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36

SEPTEMBER 2016

|

THE FOREIGN SERVICE JOURNAL

M

ost Foreign Service mem-

bers have a keen under-

standing of the intricacies

of our pay scales and

benefits, but we don’t often

give much thought to how

locally employed (LE)

staff (formerly known as

Foreign Service Nationals,

still the preferred term for many) at our overseas missions are

compensated. How does the State Department account for local

conditions at more than 200 posts to ensure that LE staff are paid

adequately?

The short answer is “prevailing practice.” Local labor markets

are surveyed at each post to determine appropriate compensa-

tion for our LE staff colleagues. In economies where prevailing

labor practices are driven by free, fair and competitive labor

WHEN PREVAILING

PRACTICE

FAILS

By relying on prevailing practice to set locally employed staff compensation,

we are benefiting from the same labor exploitation that we oppose

as a matter of U.S. foreign policy.

BY J E F F ERSON SM I TH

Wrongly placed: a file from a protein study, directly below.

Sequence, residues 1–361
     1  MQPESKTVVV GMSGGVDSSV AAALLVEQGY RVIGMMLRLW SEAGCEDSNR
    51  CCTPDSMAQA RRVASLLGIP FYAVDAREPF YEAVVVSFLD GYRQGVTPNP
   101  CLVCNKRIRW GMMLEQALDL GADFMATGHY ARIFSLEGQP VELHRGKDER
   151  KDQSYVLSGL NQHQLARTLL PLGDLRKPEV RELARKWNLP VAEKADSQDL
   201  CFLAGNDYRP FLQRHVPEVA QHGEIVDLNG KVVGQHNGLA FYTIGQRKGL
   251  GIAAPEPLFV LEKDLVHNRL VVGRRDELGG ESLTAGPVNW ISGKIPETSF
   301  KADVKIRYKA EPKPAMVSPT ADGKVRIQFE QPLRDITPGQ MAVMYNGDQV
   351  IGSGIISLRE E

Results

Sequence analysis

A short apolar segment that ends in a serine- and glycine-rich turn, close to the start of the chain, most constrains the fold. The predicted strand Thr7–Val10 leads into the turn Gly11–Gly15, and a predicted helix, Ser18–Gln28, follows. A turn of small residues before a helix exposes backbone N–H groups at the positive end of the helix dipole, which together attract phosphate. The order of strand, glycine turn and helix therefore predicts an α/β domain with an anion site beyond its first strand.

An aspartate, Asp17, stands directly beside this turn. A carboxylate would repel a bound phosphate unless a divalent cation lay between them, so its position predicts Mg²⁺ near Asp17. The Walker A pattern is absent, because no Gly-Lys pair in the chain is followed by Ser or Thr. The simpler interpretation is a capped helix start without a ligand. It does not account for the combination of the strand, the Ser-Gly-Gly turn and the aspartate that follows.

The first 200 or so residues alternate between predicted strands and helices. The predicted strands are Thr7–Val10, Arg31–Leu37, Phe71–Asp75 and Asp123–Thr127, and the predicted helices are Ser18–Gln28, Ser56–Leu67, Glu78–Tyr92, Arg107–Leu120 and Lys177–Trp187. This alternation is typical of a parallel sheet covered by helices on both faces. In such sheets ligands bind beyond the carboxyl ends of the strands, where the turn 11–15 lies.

Jefferson Smith has served as the management counselor

at U.S. Embassy Kuwait since 2014. A management-

coned Foreign Service officer since 2000, he has previously

served in Kingston, Dar es Salaam (twice), Yaoundé,

Dublin, Kuwait and Washington, D.C. Mr. Smith is the 2016 winner of

the AFSA Award for Constructive Dissent by a Mid-Level Officer.

markets, this model ensures that posts are able to attract, hire

and retain quality employees.

But many of the economies in which U.S. diplomatic missions

operate are far from free or fair; instead, they are characterized

by exploitative labor practices and human rights violations. In

such places, following prevailing practice fails to meet the need

of the State Department to maintain a corps of professional local

employees. Moreover, it puts the department at risk of following

the very practices that are condemned in our own reports on

human rights, trafficking in persons (TIP) and labor conditions.

Embassy Kuwait, where I ammanagement counselor, and

other U.S. diplomatic missions in Gulf Cooperation Council

member-states on the Arabian Peninsula have begun to advance

the argument that the U.S. government must do better when

prevailing practice fails. While we have had success in gaining

policy exceptions, the department still needs to do more to lead

(rather than follow) prevailing labor practices in exploitative

labor markets, even if it requires an act of Congress to do so.

Determining Prevailing Practice

The Foreign Service Act of 1980 requires that the State

Department base compensation for LE staff on prevailing wage

rates and compensation practices in the host country, but

qualifies this requirement with the clause “to the extent consis-

SPOTLIGHT

ON AFSA AWARDS